Maj. Floyd “Mac” McCray went from an ordinary farm boy in Kentucky to a decorated veteran of three wars in the 20th century, and his contributions to community and country along the way will be recognized Saturday as he celebrates his 95th birthday.
McCray said his secret to a long life is keeping a positive outlook, saying that he doesn’t want to be around people who have negative thoughts or attitudes.
McCray was born in 1923 at what he called “Johnson’s Holler” near Irvine, Ky., and at the age of 17, he was inspired to join the military after hearing about the events of Pearl Harbor from a neighbor.
“We didn’t have a radio or TV in those days,” he said. “Somebody came up the holler and said the Japanese bombed Pearl Harbor and I asked him where in the hell Pearl Harbor was.”
He said he “came out of the holler and into civilization” and enlisted in the U.S. Army, where he was later sent overseas to “take on Hitler and all of his hoodlums.”
In Dec. 1944, McCray received a field commission from staff sergeant to second lieutenant during the Battle of the Bulge, which he remembered as occurring during the coldest winter in German history.
“We lost 17,000 men in that battle and on the 16th of December they hit us in the bulge,” he recalled. “They drove us back 50 miles and that’s where it got the name of the bulge, because the battle line had a bulge in it of some 50 miles.”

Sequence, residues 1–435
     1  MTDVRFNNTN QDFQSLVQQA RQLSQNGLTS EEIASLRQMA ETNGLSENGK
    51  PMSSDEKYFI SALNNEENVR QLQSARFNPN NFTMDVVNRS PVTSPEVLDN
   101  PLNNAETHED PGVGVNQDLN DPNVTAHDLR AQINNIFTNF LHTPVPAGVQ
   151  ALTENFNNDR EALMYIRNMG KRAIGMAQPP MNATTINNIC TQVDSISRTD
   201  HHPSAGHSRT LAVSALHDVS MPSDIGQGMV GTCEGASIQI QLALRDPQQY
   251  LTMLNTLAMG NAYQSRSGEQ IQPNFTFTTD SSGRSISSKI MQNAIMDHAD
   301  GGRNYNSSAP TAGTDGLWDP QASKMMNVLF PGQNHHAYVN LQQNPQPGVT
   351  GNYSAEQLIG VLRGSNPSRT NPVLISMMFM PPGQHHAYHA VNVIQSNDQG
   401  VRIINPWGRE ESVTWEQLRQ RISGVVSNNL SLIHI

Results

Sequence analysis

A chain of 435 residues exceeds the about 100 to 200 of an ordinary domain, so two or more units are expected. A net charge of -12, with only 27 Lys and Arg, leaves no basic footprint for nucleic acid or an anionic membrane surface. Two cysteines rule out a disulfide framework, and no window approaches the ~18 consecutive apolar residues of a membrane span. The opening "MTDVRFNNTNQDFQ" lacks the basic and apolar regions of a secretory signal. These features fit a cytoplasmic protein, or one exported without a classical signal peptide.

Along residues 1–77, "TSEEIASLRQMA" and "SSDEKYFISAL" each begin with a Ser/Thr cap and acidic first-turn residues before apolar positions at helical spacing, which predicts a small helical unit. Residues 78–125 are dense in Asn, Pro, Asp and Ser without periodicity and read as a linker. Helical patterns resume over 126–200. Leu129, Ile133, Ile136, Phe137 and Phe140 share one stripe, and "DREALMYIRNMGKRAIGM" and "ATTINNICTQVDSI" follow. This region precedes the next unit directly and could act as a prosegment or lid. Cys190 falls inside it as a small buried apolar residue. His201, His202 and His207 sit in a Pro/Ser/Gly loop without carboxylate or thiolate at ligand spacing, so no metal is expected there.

Like many combat veterans, he doesn’t go into much detail regarding his time in World War II or the Korean War, saying that when he went into the Army, he was just a farm boy from Kentucky, and as a soldier, he was trained in how to kill the enemy.
He was promoted to the rank of major during the Korean War, and afterward was sent to Japan to continue with post-war restoration and reconstruction.
During the Cold War, he was stationed on the border of Czechoslovakia and the Soviet Union, and prior to retirement in 1983, he returned stateside to instruct soldiers in combat survival skills.
McCray said one of his proudest moments was helping plan the Highland County Veterans Memorial, which is located behind the Highland County Courthouse in Hillsboro. Currently, the names of 1,603 veterans are represented there.
Mechell Frost, the executive director of the Highland County Senior Citizens Center, told The Times-Gazette that McCray will be honored at an open house from 1-4 p.m. Saturday.
“Mac is one of my favorite people,” Frost said. “I love him and Judy both so much, all the things that he’s done. He’s lived so much that life has to offer and he has contributed so much to both his country and our community.”
In a news release, McCray’s family requested no gifts at the Saturday afternoon get-together, which will be held at the senior citizens center on Muntz Street in Hillsboro. The family extends an invitation to everyone to “just stop in and wish him well.”
Reach Tim Colliver at 937-402-2571.